Of course we Christians see the fulfillment of this promise in the Incarnation, death and resurrection of Jesus Christ.

In addition to our salvation I think the other great promise is that God, through the Holy Spirit, is active in our lives, continually recreating and restoring:
I am about to do a new thing;
    now it springs forth, do you not perceive it?
I will make a way in the wilderness
    and rivers in the desert. (43:19)

The question is, am I allowing God to do new things in my life or am I resisting change with my own will preferring to be stuck in the status quo?

Philippians 2:19–30: Right in the middle of his essay on Christology, Paul interjects a couple of personal notes. He is sending Timothy to them, whom he obviously holds in the highest regard: “I have no one like him who will be genuinely concerned for your welfare.” (20) He makes it clear that most of the others around him “are seeking their own interests, not those of Jesus Christ.” (21) Wow. This certainly does not speak well of the majority of Paul’s retinue of hangers-on.

As he has done before, Paul promises to come to Philippi, although we have no evidence that he did: “I trust in the Lord that I will also come soon.” (24)

Paul also “think[s] it necessary to send to you Epaphroditus—my brother and co-worker and fellow soldier, your messenger and minister to my need.“(25) Epaphroditus is obviously well known in the church at Philippi and probably came originally from there. He has recovered from a serious illness and “he has been longing for all of you.” (26) It sounds like he is due some serious R&R back home. By sending Epaphroditus back to Philippi, Paul accomplishes two goals: “I am the more eager to send him, therefore, in order that you may rejoice at seeing him again, and that I may be less anxious.” (28) Paul doesn’t reveal the source of his anxiety. But inasmuch as Paul is sending Epaphroditus along with Timothy is it because despite his endorsement, he doesn’t fully trust him?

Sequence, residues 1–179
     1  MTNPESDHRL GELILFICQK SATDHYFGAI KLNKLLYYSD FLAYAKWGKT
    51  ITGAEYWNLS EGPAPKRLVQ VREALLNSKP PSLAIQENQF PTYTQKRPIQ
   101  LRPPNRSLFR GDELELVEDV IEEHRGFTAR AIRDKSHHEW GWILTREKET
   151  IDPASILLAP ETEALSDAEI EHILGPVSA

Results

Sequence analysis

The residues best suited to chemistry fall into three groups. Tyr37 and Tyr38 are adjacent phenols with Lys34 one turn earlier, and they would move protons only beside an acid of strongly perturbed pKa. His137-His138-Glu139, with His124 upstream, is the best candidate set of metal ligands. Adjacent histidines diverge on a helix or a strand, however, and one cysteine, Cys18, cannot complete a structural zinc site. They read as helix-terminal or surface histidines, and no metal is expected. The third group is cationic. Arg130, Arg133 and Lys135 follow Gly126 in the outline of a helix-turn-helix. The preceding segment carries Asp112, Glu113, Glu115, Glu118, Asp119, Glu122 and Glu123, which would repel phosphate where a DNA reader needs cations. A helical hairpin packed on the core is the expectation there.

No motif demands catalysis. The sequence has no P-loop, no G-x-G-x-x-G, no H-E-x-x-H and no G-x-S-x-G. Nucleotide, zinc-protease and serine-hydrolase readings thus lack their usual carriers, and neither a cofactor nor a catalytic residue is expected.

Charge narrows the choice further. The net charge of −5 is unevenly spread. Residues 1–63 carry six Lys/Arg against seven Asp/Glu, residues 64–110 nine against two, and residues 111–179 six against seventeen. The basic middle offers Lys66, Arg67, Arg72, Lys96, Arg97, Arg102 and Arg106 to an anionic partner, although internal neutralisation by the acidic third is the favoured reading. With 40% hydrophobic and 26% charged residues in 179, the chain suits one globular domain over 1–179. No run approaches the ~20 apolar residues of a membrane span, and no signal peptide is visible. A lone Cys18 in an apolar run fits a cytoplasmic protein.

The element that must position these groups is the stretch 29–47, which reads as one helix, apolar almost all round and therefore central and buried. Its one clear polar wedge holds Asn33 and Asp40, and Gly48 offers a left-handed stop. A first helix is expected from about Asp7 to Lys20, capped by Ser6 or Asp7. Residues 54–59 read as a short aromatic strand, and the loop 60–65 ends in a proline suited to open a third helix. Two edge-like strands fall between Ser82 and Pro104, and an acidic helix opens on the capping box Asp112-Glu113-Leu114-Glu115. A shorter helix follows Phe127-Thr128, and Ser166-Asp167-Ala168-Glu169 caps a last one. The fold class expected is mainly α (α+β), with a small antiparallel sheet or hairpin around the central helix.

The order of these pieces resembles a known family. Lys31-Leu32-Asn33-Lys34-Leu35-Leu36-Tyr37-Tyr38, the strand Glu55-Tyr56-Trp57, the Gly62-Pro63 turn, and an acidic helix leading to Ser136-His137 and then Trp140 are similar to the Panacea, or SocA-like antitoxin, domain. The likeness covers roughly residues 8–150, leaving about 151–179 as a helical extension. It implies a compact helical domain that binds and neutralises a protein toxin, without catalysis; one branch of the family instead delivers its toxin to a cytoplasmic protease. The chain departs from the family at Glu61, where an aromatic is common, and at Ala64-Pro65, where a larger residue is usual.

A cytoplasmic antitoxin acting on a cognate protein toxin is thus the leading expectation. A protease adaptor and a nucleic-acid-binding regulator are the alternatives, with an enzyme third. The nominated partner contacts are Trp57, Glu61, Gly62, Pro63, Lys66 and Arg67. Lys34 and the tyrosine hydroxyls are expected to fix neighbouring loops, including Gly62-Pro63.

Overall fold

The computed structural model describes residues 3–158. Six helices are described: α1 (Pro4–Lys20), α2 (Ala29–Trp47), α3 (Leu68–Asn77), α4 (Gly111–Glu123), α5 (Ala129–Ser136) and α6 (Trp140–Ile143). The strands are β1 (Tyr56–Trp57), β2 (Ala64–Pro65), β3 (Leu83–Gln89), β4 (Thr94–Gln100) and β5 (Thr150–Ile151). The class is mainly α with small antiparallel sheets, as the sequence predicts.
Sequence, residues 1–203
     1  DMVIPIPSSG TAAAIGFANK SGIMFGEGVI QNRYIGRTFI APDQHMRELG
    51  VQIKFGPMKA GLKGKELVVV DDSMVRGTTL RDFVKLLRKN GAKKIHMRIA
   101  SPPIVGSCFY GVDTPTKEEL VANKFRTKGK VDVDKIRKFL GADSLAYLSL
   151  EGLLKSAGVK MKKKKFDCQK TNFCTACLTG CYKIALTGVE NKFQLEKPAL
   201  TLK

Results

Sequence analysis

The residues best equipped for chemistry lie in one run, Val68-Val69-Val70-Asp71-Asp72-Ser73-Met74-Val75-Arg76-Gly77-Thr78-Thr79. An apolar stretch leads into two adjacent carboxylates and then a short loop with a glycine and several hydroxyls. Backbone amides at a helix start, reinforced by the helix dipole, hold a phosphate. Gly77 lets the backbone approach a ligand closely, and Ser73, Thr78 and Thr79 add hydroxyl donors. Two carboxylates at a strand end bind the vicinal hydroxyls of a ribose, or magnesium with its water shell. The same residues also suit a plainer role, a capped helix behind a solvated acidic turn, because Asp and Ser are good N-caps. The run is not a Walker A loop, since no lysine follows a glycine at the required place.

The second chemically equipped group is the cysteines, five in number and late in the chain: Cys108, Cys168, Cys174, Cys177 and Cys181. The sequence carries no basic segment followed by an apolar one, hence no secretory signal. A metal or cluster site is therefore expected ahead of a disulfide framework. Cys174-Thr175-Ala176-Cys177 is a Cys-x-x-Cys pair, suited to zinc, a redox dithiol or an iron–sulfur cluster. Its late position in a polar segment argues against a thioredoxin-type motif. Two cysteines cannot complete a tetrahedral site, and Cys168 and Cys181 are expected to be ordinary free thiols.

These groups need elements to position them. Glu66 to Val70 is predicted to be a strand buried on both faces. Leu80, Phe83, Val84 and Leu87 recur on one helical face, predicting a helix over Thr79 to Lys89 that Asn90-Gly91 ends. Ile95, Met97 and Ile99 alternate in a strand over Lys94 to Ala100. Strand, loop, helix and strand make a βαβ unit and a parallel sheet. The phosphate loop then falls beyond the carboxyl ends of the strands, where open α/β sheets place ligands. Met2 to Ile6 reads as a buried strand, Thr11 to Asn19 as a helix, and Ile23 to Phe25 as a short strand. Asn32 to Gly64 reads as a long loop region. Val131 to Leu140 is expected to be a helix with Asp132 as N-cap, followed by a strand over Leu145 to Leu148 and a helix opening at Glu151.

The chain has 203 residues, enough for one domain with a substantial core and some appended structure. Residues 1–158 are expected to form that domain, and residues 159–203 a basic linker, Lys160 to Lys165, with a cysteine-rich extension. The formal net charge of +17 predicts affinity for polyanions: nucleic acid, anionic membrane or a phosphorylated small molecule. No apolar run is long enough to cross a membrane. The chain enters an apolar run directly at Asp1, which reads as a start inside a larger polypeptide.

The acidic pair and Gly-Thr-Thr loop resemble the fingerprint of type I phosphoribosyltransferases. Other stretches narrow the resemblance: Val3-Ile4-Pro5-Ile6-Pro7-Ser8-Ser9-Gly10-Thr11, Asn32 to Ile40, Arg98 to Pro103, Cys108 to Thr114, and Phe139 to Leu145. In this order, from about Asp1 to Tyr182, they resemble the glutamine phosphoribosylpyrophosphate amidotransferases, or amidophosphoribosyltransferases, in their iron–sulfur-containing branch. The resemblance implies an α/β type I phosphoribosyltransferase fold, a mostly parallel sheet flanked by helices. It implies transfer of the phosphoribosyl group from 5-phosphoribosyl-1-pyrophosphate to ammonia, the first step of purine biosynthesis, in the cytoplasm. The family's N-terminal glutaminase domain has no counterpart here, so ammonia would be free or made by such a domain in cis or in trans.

We finally discover that Epaphroditus’ illness apparently arose from some duty Paul had him perform—and it sounds as if Paul is feeling a little guilty and feels obligated to send his servant back home: “because he came close to death for the work of Christ,  risking his life to make up for those services that you could not give me.” (30) Again, it would be fantastic to know what duties Epaphroditus undertook that brought him so close to death. But as usual when it comes to personal matters, we are left only with Paul’s tantalizing but cryptic statements.

I have to say that I like personal intermezzos like these that give us a respite from Paul’s relentless—and lengthy—theological discourses.